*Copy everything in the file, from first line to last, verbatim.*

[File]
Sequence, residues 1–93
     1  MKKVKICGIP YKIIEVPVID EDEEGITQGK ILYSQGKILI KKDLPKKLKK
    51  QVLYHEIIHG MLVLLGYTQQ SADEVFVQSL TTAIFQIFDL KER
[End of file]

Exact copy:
Sequence, residues 1–93
     1  MKKVKICGIP YKIIEVPVID EDEEGITQGK ILYSQGKILI KKDLPKKLKK
    51  QVLYHEIIHG MLVLLGYTQQ SADEVFVQSL TTAIFQIFDL KER